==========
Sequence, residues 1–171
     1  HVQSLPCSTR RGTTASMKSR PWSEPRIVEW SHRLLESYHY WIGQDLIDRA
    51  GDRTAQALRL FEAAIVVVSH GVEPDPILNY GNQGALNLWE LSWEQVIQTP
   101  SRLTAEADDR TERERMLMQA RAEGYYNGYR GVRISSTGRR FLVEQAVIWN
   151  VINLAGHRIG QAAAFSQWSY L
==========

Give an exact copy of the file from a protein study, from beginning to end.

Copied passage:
Sequence, residues 1–171
     1  HVQSLPCSTR RGTTASMKSR PWSEPRIVEW SHRLLESYHY WIGQDLIDRA
    51  GDRTAQALRL FEAAIVVVSH GVEPDPILNY GNQGALNLWE LSWEQVIQTP
   101  SRLTAEADDR TERERMLMQA RAEGYYNGYR GVRISSTGRR FLVEQAVIWN
   151  VINLAGHRIG QAAAFSQWSY L